Sunday Test-n-Tune
Paradise Garage

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© 2000 Brian F. Schreurs
Even we have a disclaimer.

Yeah, we thought the name of a world speed record salt flat was a good pick for a family sedan.

75&80 Drag-A-Way, Monrovia, Md.

Test Session: Sunday, March 19, 2000

Itching to see whether the winter blues had finally left his Mustang, Josh conned us into joining him for a day of testing and tuning at 75&80 Dragway. Since the Paradise Garage Firebird is being retired from racing, we instead slapped some numbers on the Paradise Garage Bonneville and headed out!

The Bonneville stages, somewhere behind the mess of concrete and electronics.
Of course, the real problem is that the Mustang isn't suffering from winter blues. It's suffering from summer, fall, and winter blues, the cause of which remains unknown.

Josh arrived first and got his runs in. He complained bitterly of traction problems, a situation the track blamed on the temperatures. It was, in fact, a bit nippy. While this makes engines run stronger, it also makes tires not stick so well. Everything's a tradeoff.

Josh was further discouraged by being assigned to Lane 4, what is supposed to be a grudge match lane. We don't know how that came to pass, but what we do know is that he had the misfortune of continually lining up against Mark Wisniewski's green 12-second Firebird Formula.

Whatever has been ailing the Mustang is still broken. Josh's timeslips were 15.45@93, 15.38@91, 15.58@93, and 15.48@92. These match up nearly perfectly to his last several visits to 75&80, generally regarded as a slower track. Compare to his runs a year ago, 14.5 to 14.7, and consider we've added a cold air intake and an aftermarket H-pipe. Something goofy is going on here.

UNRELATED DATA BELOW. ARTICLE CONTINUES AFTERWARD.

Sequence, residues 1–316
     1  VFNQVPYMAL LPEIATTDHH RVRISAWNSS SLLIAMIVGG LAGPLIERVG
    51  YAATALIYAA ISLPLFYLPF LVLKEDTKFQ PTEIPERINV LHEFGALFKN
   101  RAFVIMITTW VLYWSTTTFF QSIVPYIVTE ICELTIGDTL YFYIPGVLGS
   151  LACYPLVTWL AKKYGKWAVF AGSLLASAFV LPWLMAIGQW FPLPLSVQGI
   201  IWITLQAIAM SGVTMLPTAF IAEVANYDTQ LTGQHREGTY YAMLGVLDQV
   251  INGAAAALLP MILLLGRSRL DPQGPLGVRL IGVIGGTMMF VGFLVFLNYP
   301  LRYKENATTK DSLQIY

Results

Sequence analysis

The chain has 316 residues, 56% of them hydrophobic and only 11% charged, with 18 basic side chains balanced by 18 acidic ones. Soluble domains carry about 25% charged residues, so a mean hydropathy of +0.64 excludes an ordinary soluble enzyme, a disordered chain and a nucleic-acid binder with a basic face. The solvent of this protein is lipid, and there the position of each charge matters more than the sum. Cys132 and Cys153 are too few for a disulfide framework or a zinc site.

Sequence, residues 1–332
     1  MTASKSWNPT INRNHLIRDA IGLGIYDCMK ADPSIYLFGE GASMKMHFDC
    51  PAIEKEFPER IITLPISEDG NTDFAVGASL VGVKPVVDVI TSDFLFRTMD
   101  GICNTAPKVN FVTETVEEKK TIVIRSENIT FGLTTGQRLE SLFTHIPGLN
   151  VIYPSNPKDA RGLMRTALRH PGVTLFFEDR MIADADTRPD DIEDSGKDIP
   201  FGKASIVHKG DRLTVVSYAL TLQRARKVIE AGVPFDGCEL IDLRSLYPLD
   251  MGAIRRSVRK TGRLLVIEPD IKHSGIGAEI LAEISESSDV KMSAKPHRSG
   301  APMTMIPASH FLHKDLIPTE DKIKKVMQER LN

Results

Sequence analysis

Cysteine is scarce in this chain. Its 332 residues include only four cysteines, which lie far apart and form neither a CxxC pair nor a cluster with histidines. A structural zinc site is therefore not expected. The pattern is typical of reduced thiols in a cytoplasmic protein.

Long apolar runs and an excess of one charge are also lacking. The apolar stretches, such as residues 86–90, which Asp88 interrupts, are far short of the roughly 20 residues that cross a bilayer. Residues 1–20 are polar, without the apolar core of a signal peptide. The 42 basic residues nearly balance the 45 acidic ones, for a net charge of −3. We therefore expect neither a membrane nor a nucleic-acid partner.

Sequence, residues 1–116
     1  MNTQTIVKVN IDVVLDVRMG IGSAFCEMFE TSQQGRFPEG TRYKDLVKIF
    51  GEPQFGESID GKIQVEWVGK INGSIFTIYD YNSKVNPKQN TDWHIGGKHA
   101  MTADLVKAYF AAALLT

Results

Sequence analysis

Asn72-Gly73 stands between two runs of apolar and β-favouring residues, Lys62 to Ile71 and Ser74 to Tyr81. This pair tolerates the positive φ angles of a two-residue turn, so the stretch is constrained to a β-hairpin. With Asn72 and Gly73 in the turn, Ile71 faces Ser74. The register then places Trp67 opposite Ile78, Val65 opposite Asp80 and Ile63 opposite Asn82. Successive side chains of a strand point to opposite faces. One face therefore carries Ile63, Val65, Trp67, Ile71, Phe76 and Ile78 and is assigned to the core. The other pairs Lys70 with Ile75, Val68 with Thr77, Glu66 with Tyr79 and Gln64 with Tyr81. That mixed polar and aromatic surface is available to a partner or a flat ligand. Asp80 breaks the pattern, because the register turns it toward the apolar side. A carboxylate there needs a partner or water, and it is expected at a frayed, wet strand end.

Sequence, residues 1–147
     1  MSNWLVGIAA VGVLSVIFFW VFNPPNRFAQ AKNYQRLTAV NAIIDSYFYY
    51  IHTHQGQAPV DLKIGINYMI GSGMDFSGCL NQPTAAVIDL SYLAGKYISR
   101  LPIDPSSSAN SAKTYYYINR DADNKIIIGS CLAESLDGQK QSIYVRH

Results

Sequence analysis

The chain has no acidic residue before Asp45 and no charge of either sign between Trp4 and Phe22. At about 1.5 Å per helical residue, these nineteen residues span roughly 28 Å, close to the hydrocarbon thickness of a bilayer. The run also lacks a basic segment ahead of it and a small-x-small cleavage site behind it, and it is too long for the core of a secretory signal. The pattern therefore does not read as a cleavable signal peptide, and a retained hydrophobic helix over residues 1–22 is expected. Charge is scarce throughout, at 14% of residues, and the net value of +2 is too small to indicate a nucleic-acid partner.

Yeeha, down the track we go, halfway to a blistering 16-and-a-half seconds.
Eventually we showed up in our 1993 Pontiac Bonneville. It has a 3.8L V6 and a four-speed automatic. It's front-wheel-drive. We felt a little funny lining this car up, but hey... if it has wheels, it's a racecar!

When our turn came, we avoided the waterbox and simply staged. At the beams we held the brake and brought the engine rpm to about 1200 or so. With the green we took off running! Well, walking very fast. Perhaps jogging. It seemed much slower at the time but we managed a reasonably respectable 16.44@82. Better than we expected, actually.

We decided to make one more pass just to make sure the first was not a fluke. This time we spun a little off the line (yep, you read that right -- we were surprised too) which cost us. Our 60-foot
dropped by .03 and our quarter slipped to 16.50@82.

With more favorable conditions, we figure we could click off 16.4s all day. But then, is that worth spending a day doing? We doubt it.

It's time to focus our energies on making the Mustang as fast as possible. And the first step to that is to find out where our eight tenths went. We want them back.